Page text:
Moritz Von Oswald is simultaneously one of the most influential and enigmatic figures in techno. As part of Basic Channel, Maurizio, Rhythm and Sound, and other configurations with Mark Ernestus and a revolving cast of musicians and vocalists, Von Oswald became one of Europe’s first techno innovators. Basic Channel defined dance minimalism early on, both through a love of repetition as a form of change, and a willingness to let the music speak for itself. More recently, Von Oswald has demonstrated that his reach extends far past the dub-inflected electronic soundscapes he helped introduce to dance music, with stunning remixes of not just Tony Allen, but also Ravel and Mussorgsky. Finally, last year’s Vertical Ascent matched Von Oswald with Sasu Ripatti (Vladislav Delay, Luomo) and Max Loderbauer (nsi, Sun Electric) in an improvisational group, yielding a standout release of 2009 by any measure. LWE had the distinct privilege of speaking with Moritz Von Oswald in advance of his trio’s American debut at New York’s Unsound Festival. Like his music itself, Von Oswald’s approach to thinking about music is simple and direct. But like his music, depth and complexity are immediately apparent.

Moritz Von Oswald Trio, Vertical Ascent

“Live” is a tricky word in electronic music. Live sets, even by favorite producers, are too often disappointing. In reducing performance to a traditional recital mode, selections are limited to the artist in question’s own tracks, a sense of flow can get lost in the shuffle, and worst of all, the performer is frequently seen doing little more than staring at a computer screen, occasionally clicking. The effects of this approach — not naming any names, but I’ve heard laptop sets which featured a sound uncannily reminiscent of the “you’ve got mail” tone — can be frustrating at best, depressing at worst. Part of what’s exciting about electronic dance music is the spontaneous flux, the dispersed authorship, the paradoxical live-ness of a great DJ set. So what’s the point of “live” performance, anyway?

BBH: 3MB feat. Magic Juan Atkins, Jazz Is The Teacher

By 1992, the spiritual kinship between the cities of Detroit and Berlin had existed for years. But despite the invisible conduit of ideas and inspiration flowing back and forth between the world’s electronic dance music capitols, there was precious little actual collaboration to show for it — just a handful of tracks, really, though a symbiosis of ideas and a definitive kinship was in full flower. 3MB was the German half of the equation, featuring Moritz von Oswald and Thomas Fehlmann who would go on to produce pioneering music of their own. The pair had worked a year previous with Detroit techno pioneer Eddie “Flashin” Fowlkes, though the group only truly collaborated on two tracks on the double LP released under their names. By all accounts, however, the work between Atkins, von Oswald and Fehlmann was a true melting pot, the music showcased on the group’s self-titled double LP released by Tresor in 1993.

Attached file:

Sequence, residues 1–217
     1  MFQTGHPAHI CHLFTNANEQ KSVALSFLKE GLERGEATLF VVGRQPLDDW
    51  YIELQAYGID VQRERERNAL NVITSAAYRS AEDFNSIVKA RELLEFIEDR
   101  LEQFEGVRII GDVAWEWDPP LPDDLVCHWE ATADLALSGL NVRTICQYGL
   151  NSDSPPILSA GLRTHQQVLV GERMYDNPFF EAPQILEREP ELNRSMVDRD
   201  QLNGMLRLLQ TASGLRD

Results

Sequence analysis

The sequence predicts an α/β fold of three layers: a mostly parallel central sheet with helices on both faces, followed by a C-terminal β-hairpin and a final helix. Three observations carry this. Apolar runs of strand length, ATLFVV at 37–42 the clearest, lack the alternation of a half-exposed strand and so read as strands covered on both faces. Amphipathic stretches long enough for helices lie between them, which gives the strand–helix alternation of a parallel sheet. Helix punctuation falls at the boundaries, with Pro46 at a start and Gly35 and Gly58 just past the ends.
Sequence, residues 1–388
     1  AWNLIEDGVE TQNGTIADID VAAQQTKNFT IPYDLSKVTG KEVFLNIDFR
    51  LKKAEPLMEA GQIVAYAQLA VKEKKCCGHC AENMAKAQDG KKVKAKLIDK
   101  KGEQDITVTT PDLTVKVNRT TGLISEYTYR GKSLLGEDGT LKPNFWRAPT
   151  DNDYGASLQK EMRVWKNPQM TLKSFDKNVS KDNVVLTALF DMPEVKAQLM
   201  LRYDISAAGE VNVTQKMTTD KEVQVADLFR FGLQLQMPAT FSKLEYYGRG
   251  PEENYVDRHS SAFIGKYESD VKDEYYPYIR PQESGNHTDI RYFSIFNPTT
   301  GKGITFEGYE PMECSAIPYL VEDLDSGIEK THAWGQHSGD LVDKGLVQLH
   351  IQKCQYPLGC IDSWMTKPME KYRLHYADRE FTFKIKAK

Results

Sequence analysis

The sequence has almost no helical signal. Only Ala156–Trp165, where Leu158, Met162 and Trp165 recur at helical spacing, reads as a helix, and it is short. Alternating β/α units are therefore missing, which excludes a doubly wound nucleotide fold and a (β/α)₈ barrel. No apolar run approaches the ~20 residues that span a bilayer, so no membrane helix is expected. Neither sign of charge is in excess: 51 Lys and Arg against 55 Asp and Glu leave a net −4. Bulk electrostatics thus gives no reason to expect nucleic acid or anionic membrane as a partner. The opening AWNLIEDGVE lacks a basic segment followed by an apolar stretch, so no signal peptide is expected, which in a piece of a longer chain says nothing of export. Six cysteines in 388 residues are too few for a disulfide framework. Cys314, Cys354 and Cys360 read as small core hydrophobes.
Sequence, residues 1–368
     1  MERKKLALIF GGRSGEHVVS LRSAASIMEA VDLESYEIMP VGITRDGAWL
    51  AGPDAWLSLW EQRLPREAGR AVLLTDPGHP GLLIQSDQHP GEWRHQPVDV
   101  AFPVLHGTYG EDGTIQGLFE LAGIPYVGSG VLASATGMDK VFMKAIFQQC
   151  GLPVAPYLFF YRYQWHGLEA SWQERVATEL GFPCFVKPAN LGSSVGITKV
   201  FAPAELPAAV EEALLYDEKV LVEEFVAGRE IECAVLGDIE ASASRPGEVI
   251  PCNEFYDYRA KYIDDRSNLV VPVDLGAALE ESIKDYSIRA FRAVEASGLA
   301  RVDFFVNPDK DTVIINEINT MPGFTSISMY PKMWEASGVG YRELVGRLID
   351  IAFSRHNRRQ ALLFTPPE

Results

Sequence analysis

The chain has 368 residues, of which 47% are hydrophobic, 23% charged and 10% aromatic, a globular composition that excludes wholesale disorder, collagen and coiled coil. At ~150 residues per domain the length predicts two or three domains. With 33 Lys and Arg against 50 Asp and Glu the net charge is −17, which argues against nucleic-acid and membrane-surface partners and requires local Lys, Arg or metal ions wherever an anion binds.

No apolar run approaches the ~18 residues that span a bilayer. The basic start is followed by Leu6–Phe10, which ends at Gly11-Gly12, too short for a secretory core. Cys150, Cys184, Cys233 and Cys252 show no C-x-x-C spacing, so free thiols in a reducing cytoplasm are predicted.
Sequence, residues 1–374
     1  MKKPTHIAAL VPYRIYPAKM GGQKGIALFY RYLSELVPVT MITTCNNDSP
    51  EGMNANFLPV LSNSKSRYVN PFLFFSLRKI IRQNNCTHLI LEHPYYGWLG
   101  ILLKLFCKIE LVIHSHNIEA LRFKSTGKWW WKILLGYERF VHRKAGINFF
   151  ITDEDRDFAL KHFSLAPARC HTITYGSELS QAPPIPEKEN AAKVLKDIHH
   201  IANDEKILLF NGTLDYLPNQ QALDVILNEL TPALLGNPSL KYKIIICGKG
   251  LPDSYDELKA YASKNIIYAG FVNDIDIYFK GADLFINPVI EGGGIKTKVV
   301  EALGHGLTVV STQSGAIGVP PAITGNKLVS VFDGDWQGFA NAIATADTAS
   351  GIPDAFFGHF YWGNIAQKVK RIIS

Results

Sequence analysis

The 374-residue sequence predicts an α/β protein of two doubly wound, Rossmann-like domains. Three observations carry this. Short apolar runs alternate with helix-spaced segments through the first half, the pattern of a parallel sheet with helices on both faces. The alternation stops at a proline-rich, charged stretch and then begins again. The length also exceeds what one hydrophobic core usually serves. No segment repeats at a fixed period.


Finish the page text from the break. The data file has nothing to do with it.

Carl Craig & Moritz von Oswald, ReComposed – New Mixes By Ricardo Villalobos & Carl Craig

[Deutsche Grammophon] The third volume of Deutsche Grammophon’s “ReComposed” series was a match made in heaven: longtime friends and past collaborators Carl Craig and Moritz von Oswald teaming up to “recompose” classical pieces by Modest Mussorgsky and Maurice Ravel in their own inimitable styles. The resulting LP was one of 2008’s finest, and just before […]

Sebbo, Watamu Beach

[Desolat] After an unusually brutal and excessively long winter, my senses are clamoring for anything that can transport me to a balmy clime. Lately that’s meant repeated spins of “Watamu Beach,” the latest from Sebbo (aka Sebastian Suckfüll). Whether the Würzburg-based producer’s had the pleasure of visiting the idyllic region of Kenya (a part of […]